Fines for students’ parents are an ineffective solution

With the onset of the new year, the Oklahoma legislature’s at it again, and the results are about what you’d expect. Senator Ron Sharp (R-Shawnee) proposed Senate Bill 911, which would fine parents for the misbehavior of their children in school.

According to Sharp, the loss of corporal punishment as an option for teachers has led to some of the worst behaved students the school system has ever seen. Setting aside the fact that numerous psychological studies have shown that corporal punishment is not effective and can lead to mental health issues and criminal activity later on in life, it’s still questionable whether a fine system would be a valid form of punishment for students.

Sharp seems to believe that once students understand that their behavior will affect their parents, they will immediately cease causing problems. He also seems to believe that punishing parents for their children’s behavior may cause their parents to resort to the corporal punishment he is not allowed to use.

While I can absolutely get on board with Sharp’s aims to get parents more involved with their children’s education and to find ways to discipline students without taking them out of the classroom, I’m not sure a fine system is the best way to accomplish these goals.

It seems counterintuitive to use a fine system to both get parents involved and to discipline students. By punishing the parents, rather than the children, the system even further separates students from their behavior and the consequences of their actions. This takes part of the responsibility off of the student by undermining a school’s ability to discipline a student without going through the family.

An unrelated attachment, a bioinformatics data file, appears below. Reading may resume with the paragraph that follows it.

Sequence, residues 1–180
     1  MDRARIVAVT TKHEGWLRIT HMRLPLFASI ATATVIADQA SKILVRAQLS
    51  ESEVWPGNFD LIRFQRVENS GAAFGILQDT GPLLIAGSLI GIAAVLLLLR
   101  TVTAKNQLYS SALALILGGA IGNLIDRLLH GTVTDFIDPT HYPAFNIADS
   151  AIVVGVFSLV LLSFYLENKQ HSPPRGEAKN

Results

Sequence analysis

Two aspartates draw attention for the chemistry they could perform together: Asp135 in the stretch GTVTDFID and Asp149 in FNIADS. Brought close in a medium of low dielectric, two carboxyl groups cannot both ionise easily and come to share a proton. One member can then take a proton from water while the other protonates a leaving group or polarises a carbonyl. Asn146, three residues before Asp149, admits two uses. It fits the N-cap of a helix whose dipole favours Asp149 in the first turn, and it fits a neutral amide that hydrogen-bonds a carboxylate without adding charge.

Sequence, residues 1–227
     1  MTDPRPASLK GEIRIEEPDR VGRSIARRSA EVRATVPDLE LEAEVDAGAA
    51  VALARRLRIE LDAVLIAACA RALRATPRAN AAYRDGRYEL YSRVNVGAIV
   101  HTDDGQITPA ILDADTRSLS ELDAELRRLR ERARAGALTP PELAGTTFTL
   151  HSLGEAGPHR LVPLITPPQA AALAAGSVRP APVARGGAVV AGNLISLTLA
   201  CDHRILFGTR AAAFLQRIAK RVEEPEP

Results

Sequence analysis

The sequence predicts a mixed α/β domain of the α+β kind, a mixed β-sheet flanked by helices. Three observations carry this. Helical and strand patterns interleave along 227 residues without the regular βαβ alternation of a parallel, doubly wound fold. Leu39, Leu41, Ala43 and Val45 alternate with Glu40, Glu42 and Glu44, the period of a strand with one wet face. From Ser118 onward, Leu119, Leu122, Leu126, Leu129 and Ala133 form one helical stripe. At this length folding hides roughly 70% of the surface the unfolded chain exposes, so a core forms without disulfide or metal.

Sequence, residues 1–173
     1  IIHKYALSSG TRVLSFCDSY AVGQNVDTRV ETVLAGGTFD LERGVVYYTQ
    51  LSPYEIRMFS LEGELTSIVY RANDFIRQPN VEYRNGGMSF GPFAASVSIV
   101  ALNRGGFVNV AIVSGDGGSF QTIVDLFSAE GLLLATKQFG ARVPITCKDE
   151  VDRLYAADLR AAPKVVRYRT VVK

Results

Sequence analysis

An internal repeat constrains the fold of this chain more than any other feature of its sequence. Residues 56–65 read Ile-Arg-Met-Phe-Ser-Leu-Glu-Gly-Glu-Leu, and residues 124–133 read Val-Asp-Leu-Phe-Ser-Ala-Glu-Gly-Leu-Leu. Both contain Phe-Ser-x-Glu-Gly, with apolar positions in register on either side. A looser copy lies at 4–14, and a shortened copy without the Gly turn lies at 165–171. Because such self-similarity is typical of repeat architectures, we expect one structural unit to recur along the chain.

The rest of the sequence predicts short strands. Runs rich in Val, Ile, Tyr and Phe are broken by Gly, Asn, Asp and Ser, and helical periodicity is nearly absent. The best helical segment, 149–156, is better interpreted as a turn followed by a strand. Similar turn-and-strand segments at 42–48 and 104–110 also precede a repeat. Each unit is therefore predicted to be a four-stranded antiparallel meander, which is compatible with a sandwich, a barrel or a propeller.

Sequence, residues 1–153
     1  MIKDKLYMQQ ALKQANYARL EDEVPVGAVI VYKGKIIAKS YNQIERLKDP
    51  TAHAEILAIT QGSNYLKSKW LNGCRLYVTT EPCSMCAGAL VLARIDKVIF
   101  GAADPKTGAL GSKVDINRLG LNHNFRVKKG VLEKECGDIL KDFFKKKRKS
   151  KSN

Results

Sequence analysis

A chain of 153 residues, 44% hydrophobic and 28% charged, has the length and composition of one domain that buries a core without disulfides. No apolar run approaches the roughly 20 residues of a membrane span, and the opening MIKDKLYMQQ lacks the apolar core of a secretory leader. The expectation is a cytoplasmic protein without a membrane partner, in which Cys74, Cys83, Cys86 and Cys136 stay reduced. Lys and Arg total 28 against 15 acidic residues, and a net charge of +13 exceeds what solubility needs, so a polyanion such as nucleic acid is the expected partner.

The bill would also allow “judges” to require community service or counseling instead of a fine. Honestly, this seems like a better option and it should be the default rather than an exception. Community service or counseling is a response that directly affects a student, and is more likely to get that student involved with the ramifications of their own behavior, especially if the community service is done for their own school. Counseling is also a way to get parents involved with their children’s behavioral issues and education. These two options are also way less likely to disproportionately affect poorer students the way a fine system would.

While Senate Bill 911 ultimately draws attention to the growing problem of discipline and parent disinterest in education, the proposed solution would not solve these problems in an effective way. Solutions need to engage parents in their children’s education, not just the punishment, and get students involved with their school community and the issues their own actions cause.

Post Author: tucollegian

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